Michael desired to create music targeted to a more sophisticated audience than the duo's primarily teenage fanbase. Therefore, Michael and Ridgeley announced the breakup of Wham! in the spring of 1986, destined to take place after a farewell single and album, along with a historic grand finale concert at Wembley Stadium on June 28, 1986, called The Final. British pop group Five Star declined George's invitation to be the supporting act, saying they needed to concentrate on their own career at the time.
The farewell single was "The Edge of Heaven" (which had on its flip-side "Where Did Your Heart Go?") which reached #1 in June 1986. "Where Did Your Heart Go?" was the group's final single in the United States. The song, originally recorded by art-rock ensemble Was (Not Was), was a downbeat and somber affair that telegraphed the intentions of George Michael for the next decade's work and would fit musically on any of his solo albums. The duo's last album was a double-LP collection of all the singles to date, mostly the extended versions, and was also called The Final (released in North America as the severely pared-down Music from the Edge of Heaven with alternate tracks). Wham! then said goodbye to their audience (73,000 of whom attended the eight-hour event) and each other with an emotional embrace at the end of the show. The band had been together five years, selling close to 20 million albums and 10 to 15 million singles. Foreign Skies, the film of their tour of China, received its world premiere as part of the festivities, making it the most highly-attended film premiere in history. ~ [source:wikipedia] (By the way george has his hand on his own knee)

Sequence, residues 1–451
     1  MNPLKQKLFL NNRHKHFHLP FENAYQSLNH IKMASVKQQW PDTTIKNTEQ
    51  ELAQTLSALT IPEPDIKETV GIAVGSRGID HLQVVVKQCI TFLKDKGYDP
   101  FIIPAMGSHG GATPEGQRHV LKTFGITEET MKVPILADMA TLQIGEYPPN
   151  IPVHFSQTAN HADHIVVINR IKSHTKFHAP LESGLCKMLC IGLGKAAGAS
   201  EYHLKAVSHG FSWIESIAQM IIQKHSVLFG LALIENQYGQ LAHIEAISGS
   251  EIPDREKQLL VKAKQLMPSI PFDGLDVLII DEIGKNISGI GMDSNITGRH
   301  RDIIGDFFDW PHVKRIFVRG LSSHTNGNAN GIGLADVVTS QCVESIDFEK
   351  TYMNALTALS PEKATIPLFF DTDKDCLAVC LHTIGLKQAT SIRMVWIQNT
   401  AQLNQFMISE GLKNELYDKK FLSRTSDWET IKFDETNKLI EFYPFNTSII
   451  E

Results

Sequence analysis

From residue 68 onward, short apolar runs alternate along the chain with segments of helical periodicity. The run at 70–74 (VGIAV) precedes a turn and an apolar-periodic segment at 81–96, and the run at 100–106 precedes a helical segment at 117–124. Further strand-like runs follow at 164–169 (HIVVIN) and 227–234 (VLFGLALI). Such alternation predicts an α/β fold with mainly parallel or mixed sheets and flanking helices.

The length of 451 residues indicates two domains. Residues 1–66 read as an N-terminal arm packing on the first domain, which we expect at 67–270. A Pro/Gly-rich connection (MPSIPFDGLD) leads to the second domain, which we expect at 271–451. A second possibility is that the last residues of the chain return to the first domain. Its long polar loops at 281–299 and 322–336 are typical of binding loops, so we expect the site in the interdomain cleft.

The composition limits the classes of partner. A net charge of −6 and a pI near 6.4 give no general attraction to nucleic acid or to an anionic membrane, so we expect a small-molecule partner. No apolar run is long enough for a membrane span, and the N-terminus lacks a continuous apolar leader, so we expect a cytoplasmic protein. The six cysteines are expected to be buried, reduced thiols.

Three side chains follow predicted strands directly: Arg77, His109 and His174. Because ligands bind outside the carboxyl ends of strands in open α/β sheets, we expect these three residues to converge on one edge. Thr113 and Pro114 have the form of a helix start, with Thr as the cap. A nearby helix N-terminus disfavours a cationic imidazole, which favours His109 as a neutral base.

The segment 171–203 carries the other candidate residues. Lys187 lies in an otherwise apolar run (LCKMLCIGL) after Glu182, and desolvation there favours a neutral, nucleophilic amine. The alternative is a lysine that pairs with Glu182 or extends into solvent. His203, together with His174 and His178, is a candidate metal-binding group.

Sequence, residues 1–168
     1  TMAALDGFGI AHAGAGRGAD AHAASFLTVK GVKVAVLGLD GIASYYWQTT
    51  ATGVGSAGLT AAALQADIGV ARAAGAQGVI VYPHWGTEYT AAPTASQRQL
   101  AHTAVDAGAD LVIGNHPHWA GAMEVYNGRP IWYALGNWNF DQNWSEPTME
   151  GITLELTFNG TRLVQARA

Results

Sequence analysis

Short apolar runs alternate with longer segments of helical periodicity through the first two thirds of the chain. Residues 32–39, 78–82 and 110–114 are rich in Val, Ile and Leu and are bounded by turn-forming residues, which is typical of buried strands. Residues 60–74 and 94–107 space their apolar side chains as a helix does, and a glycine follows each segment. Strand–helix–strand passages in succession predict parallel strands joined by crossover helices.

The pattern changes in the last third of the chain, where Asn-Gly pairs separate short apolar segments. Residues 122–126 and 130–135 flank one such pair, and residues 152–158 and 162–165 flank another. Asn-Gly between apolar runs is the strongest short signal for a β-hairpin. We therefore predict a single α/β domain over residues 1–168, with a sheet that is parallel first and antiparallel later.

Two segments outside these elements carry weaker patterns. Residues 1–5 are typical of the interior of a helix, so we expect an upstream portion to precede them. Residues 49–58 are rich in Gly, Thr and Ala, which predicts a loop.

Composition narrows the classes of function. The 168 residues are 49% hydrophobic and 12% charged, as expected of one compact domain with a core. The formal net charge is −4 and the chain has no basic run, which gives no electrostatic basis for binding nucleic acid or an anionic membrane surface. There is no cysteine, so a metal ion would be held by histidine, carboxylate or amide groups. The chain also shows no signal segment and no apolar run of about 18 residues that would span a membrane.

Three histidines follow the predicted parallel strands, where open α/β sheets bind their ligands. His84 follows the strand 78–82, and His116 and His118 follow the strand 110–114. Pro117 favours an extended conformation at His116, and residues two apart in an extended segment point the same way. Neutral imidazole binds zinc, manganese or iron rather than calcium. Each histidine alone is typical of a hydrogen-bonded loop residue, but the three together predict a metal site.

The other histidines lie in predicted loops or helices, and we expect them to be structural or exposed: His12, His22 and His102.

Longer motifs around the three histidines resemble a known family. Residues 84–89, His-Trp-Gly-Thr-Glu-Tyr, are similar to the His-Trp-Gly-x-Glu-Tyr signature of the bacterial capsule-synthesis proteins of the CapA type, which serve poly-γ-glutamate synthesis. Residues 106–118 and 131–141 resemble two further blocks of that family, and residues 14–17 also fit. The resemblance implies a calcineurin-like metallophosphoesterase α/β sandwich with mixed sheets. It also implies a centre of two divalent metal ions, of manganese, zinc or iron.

What does Rolling Stone think about Wham?
I first heard Wham! U.K. while I was driving around Los Angeles listening to KROQ. The song "Young Guns" seemed exciting and sophisticated, especially when the singers cross-chanted "Get back! Hands off! Go for it!" It sounded like someone reading vanity license plates to a beat–maybe that's why it sounded so good in the car. At home, on the stereo or the Walkman, Fantastic, the British duo's first album, just sounded like brittle, tinny sub-Human League British technopop. For music that aspires to danceability, the album is surprisingly light-weight; it's bottomless funk, which seems odd for a record that devotes a whole song to the joys of a bass line ("A Ray of Sunshine"). Probably the biggest problem with Wham! is that the group lacks a really distinctive vocalist. George Michael's earnest whine is as synthetic and overly familiar as the cheap keyboards so prevalent nowadays. The only cut that really stands up is "Nothing Looks the Same in the Light," a lush, melodious, almost Bee Gees like number, on which Michael (who writes most of the group's material with Andy Ridgely) plays all the instruments. Turn up Wham! when they come on the car radio, but remember: they won't sound the same anywhere else. (RS 404)
Rolling Stone Top 500 Songs ranked this song at Number (Wham?) and the Album ranked at Number (God save us)
This song has a crowbarred rating of 72.6 out of 108 pts